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The online version of this article (https://doi.org/10.1007/s11205-018-2036-7) contains supplementary material, which is available to authorized users.
This study examines the prevalence and the gender differences in the perceptions and experiences of flexibility stigma—i.e., the belief that workers who use flexible working arrangements for care purposes are less productive and less committed to the workplace. This is done by using the 4th wave of the Work-Life Balance Survey conducted in 2011 in the UK. The results show that 35% of all workers agree to the statement that those who work flexibly generate more work for others, and 32% believe that those who work flexibly have lower chances for promotion. Although at first glance, men are more likely to agree to both, once other factors are controlled for, women especially mothers are more likely to agree to the latter statement. Similarly, men are more likely to say they experienced negative outcomes due to co-workers working flexibly, while again mothers are more likely to say they experienced negative career consequences due to their own flexible working. The use of working time reducing arrangements, such as part-time, is a major reason why people experience negative career outcomes, and can partially explain why mothers are more likely to suffer from such outcomes when working flexibly. However, this relationship could be reverse, namely, the stigma towards part-time workers may be due to negative perceptions society hold towards mothers’ commitment to work and their productivity. In sum, this paper shows that flexibility stigma is gendered, in that men are more likely to discriminate against flexible workers, while women, especially mothers, are more likely to suffer from such discrimination.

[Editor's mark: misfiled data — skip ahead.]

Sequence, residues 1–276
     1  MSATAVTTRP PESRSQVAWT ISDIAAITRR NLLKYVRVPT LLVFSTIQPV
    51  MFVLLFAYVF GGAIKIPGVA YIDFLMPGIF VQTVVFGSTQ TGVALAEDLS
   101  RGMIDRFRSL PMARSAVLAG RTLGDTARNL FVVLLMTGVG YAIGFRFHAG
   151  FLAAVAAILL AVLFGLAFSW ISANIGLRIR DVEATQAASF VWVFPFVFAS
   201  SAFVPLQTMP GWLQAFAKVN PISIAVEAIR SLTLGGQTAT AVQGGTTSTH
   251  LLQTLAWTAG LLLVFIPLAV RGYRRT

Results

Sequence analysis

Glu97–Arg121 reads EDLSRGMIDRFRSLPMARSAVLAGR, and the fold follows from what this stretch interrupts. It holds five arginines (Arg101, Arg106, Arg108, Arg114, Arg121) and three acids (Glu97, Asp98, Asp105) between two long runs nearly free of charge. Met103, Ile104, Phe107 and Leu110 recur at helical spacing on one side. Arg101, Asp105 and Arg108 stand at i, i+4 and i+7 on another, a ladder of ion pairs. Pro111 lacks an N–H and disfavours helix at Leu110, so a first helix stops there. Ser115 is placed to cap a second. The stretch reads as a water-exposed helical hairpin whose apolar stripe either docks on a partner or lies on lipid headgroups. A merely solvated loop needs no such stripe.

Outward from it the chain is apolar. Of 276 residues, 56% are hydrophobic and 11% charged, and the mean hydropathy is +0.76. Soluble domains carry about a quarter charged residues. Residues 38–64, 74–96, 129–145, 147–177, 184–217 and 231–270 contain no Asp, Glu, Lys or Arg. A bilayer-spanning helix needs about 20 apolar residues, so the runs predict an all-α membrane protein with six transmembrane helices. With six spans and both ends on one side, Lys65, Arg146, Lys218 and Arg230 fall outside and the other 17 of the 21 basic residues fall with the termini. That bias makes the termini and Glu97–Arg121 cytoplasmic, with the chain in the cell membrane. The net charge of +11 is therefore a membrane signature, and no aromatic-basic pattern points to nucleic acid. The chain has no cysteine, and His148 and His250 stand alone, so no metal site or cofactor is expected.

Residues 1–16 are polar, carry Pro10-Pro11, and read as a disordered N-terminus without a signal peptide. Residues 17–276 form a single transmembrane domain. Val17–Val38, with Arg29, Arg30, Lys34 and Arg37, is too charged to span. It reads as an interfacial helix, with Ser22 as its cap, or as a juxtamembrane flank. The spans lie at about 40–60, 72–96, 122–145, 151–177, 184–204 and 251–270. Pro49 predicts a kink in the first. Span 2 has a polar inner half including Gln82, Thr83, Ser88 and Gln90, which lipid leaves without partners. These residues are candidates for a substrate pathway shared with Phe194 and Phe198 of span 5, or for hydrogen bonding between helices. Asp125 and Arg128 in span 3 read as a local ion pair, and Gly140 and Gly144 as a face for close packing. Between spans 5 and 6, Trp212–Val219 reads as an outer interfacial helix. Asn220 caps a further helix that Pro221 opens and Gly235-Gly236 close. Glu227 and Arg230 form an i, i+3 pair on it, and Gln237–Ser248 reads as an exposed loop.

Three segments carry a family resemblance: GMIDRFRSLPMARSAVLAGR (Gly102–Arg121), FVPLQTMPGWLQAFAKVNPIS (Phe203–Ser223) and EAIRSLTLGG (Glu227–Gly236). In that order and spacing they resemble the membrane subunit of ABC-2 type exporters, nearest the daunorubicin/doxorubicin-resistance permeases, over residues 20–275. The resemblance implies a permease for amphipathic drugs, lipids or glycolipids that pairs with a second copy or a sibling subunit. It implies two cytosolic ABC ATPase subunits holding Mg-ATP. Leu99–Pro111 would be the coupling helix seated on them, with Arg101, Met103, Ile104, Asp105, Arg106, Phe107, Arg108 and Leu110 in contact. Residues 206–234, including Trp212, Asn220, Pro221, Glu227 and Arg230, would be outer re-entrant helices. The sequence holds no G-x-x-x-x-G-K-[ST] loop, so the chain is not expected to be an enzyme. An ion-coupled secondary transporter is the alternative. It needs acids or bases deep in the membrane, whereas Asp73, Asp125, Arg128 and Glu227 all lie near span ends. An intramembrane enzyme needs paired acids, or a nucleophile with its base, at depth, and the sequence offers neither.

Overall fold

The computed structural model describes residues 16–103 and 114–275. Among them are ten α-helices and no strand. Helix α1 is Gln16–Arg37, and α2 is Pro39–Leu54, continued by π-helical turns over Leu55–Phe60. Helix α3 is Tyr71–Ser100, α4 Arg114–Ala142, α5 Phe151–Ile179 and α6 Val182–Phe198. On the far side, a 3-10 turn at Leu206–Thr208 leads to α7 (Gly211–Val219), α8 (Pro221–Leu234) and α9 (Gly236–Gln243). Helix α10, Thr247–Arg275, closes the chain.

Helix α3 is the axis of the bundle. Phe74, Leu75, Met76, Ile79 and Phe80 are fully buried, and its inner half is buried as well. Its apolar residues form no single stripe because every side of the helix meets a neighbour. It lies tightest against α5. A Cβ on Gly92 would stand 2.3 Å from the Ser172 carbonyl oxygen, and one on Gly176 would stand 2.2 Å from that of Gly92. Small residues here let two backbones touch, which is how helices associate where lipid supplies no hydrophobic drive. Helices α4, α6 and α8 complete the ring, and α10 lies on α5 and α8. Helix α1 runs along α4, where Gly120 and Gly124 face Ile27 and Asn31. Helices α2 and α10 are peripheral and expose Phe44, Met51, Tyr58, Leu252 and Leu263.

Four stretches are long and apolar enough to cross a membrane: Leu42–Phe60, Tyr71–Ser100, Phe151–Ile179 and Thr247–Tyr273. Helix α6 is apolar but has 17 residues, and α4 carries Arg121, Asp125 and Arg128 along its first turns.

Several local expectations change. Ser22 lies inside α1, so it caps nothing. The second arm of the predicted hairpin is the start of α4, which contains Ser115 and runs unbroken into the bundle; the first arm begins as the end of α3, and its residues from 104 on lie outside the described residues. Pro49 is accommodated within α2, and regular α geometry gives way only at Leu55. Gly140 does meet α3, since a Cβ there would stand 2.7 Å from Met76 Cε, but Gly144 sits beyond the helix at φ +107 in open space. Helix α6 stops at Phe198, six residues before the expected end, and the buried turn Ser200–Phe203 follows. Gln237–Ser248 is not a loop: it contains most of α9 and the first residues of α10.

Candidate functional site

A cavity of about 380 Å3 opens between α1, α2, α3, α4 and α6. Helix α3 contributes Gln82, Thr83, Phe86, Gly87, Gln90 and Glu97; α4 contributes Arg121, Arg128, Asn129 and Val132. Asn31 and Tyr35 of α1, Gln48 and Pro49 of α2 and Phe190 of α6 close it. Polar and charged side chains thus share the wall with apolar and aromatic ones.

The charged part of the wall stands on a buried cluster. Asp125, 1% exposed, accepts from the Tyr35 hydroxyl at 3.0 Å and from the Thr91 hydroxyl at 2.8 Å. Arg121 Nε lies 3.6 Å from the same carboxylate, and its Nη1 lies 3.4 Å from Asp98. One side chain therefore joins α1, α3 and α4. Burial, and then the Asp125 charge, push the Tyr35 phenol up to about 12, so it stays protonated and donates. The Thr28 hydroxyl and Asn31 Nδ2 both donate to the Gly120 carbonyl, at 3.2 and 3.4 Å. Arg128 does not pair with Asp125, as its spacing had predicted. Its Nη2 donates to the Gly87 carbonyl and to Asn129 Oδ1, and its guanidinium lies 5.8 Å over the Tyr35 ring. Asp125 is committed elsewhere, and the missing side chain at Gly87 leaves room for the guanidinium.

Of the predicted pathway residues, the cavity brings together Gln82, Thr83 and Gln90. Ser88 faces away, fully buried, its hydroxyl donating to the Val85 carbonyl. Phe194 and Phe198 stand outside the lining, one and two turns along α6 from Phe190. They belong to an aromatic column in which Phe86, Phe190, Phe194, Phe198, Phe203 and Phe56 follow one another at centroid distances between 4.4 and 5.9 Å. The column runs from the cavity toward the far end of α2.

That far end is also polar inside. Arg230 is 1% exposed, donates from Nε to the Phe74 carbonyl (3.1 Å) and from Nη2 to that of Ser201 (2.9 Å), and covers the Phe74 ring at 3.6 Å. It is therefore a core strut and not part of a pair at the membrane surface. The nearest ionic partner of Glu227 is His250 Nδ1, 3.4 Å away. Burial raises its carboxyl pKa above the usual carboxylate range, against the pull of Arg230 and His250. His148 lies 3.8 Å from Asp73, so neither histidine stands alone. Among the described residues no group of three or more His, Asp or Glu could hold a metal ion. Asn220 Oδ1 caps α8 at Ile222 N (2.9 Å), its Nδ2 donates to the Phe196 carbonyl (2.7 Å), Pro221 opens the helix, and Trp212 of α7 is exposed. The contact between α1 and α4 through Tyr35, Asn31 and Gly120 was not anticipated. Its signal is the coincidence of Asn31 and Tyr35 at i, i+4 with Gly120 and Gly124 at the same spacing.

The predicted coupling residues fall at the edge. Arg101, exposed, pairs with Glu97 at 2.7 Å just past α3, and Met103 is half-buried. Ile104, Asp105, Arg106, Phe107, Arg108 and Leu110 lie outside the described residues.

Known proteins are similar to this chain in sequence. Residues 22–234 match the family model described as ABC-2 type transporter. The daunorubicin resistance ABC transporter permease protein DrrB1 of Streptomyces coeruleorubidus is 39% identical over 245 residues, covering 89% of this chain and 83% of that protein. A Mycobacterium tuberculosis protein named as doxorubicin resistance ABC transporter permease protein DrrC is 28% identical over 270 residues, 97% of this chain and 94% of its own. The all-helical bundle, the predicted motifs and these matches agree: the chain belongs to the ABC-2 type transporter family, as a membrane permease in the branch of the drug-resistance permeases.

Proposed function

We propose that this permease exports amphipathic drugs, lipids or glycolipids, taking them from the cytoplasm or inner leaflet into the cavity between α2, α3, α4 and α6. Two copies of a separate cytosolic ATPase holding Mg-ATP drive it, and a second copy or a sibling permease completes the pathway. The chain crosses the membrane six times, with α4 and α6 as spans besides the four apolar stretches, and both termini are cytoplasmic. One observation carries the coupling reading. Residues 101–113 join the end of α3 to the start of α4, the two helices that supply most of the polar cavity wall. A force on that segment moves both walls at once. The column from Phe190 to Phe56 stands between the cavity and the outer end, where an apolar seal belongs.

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- Gender, Flexibility Stigma and the Perceived Negative Consequences of Flexible Working in the UK
- Springer Netherlands
Social Indicators Research
An International and Interdisciplinary Journal for Quality-of-Life Measurement
Print ISSN: 0303-8300
Elektronische ISSN: 1573-0921
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